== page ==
Academic Independence Project

The Capstone of the Institutional Corruption Initiative: Mitigating Academic Capture 

The Academic Independence Project of the Edmond J. Safra Research Lab is a one-year study of academic capture, or potential bias in the research undertakings, publications, and teachings of academicians—and new proposals to combat it. With the prevalence of influence from the private and public sector on academics, there is no doubt of the potential of bias to pervade findings in research investigations, topics and tone of publications, and choices of lessons plans even with current disclosure requirements present at several of these academic institutions. Consulting arrangements or board memberships, for example, have the power to potentially influence one's research on a particular industry. Similarly, the availability of confidential data sets or external opinions and interviews can skew findings or undermine notable negative results towards the providers of such crucial information.

The Edmond J. Safra Center for Ethics launched the Academic Independence Project with the intention of creating a system whereby scholars could apply for and receive a certification of freedom from conflicts of interest. The work began with a period assessing the feasibility of this task, which included research on the topics of academic conflict of interest, disclosure, and similar initiatives focused on transparency outside of academia, as well as conversations with scholars who either had made strong public disclosures or who have published around these topics.

In the spring of 2015 the AIP’s Project Managers Szelena Gray and Sujay Tyle began creating the web-based system. On May 2, 2015 they launched at the Center’s "Ending Institutional Corruption” conference as part of a panel on academia and nonprofits. relies on a very simple measure of independence. In order to receive certification, a scholar must affirm that he or she is not paid to promote any policy positions within his or her area of expertise. The tool does not get into the details of that payment, or what constitutes a significant financial interest. It does not ask questions about the timing of each of the two conditions. The direct, uncomplicated line of questioning provides a barrier to entry for those who might want to qualify these statements, further enforcing the definition of “independence” upon which the tool relies—not just for scholars who have more complicated ties to outside interests, but also for those who uphold a high standard for disclosure and believe that the question of independence demands more detailed scrutiny. The AIP hopes that this tool attracts an initial peer group of scholars committed to exploring this and other questions in greater depth.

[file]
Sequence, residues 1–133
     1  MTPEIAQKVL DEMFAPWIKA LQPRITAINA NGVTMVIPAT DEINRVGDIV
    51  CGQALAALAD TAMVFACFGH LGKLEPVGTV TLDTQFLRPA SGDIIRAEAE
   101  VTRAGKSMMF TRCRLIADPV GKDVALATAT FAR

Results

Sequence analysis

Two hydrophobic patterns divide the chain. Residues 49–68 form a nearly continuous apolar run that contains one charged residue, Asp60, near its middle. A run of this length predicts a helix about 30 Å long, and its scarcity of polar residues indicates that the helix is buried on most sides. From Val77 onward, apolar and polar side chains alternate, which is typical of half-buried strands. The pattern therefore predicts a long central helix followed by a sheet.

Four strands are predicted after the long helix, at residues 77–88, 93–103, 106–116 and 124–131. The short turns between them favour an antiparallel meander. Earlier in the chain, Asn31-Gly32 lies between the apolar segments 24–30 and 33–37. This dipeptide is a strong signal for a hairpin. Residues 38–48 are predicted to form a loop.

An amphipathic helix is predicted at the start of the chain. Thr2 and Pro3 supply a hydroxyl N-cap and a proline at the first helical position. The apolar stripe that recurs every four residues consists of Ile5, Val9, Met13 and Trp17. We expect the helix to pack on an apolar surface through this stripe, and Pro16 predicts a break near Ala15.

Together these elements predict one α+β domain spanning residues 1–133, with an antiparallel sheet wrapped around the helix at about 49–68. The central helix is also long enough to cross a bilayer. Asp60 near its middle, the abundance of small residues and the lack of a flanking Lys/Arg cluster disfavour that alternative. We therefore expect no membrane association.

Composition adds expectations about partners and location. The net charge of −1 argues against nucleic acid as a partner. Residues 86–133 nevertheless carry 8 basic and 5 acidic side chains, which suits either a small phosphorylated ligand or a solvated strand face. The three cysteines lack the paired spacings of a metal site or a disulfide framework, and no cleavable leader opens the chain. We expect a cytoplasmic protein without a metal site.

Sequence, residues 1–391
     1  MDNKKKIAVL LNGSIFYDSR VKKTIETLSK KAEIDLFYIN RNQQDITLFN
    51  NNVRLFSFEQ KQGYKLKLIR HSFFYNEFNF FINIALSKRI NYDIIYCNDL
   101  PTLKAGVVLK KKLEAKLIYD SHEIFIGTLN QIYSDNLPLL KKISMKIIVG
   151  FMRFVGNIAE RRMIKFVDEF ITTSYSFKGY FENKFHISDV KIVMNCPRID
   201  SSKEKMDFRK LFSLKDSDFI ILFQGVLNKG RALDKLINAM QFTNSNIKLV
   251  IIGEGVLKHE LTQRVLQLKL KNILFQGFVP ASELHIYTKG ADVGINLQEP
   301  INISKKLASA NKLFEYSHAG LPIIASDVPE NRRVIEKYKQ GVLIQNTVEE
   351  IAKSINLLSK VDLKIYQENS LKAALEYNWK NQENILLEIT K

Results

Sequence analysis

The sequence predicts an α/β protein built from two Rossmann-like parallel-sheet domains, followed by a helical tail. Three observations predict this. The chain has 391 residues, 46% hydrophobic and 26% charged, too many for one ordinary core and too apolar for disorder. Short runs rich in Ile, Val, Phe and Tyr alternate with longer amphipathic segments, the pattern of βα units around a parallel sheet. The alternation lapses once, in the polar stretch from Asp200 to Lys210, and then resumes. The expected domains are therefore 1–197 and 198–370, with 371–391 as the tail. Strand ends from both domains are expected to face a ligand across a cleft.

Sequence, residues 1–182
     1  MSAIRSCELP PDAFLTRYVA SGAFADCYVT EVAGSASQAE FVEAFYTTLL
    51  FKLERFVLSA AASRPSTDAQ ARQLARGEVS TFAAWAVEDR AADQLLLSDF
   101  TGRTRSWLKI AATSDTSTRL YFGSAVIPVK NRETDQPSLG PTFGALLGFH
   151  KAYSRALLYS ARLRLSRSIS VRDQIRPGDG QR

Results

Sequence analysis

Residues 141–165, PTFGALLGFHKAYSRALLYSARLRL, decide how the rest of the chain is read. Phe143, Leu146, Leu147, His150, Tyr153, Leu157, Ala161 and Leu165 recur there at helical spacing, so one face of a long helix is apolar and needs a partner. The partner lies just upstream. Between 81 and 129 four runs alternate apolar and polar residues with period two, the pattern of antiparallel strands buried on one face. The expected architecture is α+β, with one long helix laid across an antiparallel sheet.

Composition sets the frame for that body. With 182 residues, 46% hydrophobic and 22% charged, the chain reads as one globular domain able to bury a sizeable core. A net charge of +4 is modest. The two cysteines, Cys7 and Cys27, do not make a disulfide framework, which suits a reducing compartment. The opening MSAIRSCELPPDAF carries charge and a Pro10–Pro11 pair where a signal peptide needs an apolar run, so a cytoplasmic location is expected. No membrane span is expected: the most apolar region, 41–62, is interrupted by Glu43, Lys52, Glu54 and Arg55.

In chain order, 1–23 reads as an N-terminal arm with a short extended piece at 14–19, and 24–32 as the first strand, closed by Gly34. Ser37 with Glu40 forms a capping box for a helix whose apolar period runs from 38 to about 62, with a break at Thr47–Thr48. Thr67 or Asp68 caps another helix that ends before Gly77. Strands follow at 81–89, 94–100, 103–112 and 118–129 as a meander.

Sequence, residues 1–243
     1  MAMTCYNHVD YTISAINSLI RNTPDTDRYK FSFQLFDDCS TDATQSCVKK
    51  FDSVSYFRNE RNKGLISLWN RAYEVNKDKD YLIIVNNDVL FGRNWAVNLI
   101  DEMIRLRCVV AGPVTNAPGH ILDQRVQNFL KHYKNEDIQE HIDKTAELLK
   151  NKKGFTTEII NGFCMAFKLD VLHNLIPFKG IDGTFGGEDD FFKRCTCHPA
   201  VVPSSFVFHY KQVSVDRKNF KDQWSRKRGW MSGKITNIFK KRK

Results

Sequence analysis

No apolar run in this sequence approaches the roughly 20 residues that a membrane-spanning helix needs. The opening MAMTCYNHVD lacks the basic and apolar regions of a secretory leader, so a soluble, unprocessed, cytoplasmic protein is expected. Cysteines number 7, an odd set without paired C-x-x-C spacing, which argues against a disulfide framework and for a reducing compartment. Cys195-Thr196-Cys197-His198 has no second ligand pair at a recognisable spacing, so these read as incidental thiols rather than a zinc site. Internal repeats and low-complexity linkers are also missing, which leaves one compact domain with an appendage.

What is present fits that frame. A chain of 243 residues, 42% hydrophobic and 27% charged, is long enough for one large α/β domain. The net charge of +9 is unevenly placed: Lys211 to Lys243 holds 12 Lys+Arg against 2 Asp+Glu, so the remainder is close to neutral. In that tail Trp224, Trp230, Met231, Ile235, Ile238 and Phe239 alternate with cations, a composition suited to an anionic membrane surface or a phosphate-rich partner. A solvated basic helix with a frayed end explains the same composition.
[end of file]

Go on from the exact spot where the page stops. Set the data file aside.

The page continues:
Project Managers

Szelena GraySzelena Gray loves the challenge of operationalizing nonprofit start-up ideas, and is thrilled to be back at the Center for Ethics in 2014 to help launch the academic independence project.

Sujay Tyle is a currently a senior at Harvard University. Sujay TyleRecently he was on leave from Harvard after receiving a Thiel 20 under 20 fellowship to pursue some entrepreneurial endeavors in California. There he worked on two high growth companies: Scopely and, and was named to the Forbes 30 under 30 list for his work!

Selected Resources for the Project


The Limits of Transparency: Pitfalls and Potential of Disclosing Conflicts of Interest

The Dirt on Coming Clean: Perverse Effects of Disclosing Conflicts of Interest

Limits of Disclosure: What Research Subjects Want to Know about Investigator Financial Interests

Full Disclosure: The Perils and Promise of Transparency

Economists and conflicts of interest

Preventing Economists’ Capture

Insider Accounts of Institutional Corruption

Trust in research - the ethics of knowledge production

Regulatory and academic capture

Understanding Regulatory Capture: An Academic Perspective from the United States

Public Controversies

The Professors and Qaddafi's Extreme Makeover

 Benjamin Barber Responds: A response to Jon Wiener's “Professors Paid by Qaddafi: Providing ‘Positive Public Relations.’ ”

What Caused the Financial Crisis? Don’t Ask an Economist

"Inside Job" prompts new look at conflict of interest policy

Heist of the century: university corruption and the financial crisis

UT Faculty Up in Arms Over New Disclosure Policy

NSF Freezes Grants to UConn After Professors Bought Equipment From Their Own Company

Boren says position on oil company's board not a conflict of interest